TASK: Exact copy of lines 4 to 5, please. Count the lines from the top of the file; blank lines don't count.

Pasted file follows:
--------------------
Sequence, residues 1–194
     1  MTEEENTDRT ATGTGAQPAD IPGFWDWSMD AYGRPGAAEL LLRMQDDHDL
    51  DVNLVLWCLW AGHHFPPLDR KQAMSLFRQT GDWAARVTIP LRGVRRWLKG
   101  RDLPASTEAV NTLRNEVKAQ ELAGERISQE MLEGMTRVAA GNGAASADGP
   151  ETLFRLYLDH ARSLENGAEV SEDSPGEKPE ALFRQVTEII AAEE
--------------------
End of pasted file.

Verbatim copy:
   101  RDLPASTEAV NTLRNEVKAQ ELAGERISQE MLEGMTRVAA GNGAASADGP
   151  ETLFRLYLDH ARSLENGAEV SEDSPGEKPE ALFRQVTEII AAEE